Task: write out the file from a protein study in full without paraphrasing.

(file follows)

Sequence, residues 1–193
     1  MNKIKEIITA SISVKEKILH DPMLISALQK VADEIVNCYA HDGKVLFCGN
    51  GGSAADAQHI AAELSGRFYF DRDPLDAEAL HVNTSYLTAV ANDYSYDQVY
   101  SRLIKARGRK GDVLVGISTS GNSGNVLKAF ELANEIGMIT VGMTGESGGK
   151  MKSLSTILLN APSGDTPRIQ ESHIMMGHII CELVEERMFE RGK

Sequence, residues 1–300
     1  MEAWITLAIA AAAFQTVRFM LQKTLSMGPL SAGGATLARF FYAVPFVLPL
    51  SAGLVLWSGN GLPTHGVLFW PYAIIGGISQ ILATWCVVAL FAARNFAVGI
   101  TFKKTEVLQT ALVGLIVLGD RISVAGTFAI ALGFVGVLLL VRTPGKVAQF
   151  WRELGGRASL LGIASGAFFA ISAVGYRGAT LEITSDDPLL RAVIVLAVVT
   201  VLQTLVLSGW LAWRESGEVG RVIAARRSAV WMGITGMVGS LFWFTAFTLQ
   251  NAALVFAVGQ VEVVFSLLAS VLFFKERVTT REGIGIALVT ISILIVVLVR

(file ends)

Sequence, residues 1–193
     1  MNKIKEIITA SISVKEKILH DPMLISALQK VADEIVNCYA HDGKVLFCGN
    51  GGSAADAQHI AAELSGRFYF DRDPLDAEAL HVNTSYLTAV ANDYSYDQVY
   101  SRLIKARGRK GDVLVGISTS GNSGNVLKAF ELANEIGMIT VGMTGESGGK
   151  MKSLSTILLN APSGDTPRIQ ESHIMMGHII CELVEERMFE RGK

Sequence, residues 1–300
     1  MEAWITLAIA AAAFQTVRFM LQKTLSMGPL SAGGATLARF FYAVPFVLPL
    51  SAGLVLWSGN GLPTHGVLFW PYAIIGGISQ ILATWCVVAL FAARNFAVGI
   101  TFKKTEVLQT ALVGLIVLGD RISVAGTFAI ALGFVGVLLL VRTPGKVAQF
   151  WRELGGRASL LGIASGAFFA ISAVGYRGAT LEITSDDPLL RAVIVLAVVT
   201  VLQTLVLSGW LAWRESGEVG RVIAARRSAV WMGITGMVGS LFWFTAFTLQ
   251  NAALVFAVGQ VEVVFSLLAS VLFFKERVTT REGIGIALVT ISILIVVLVR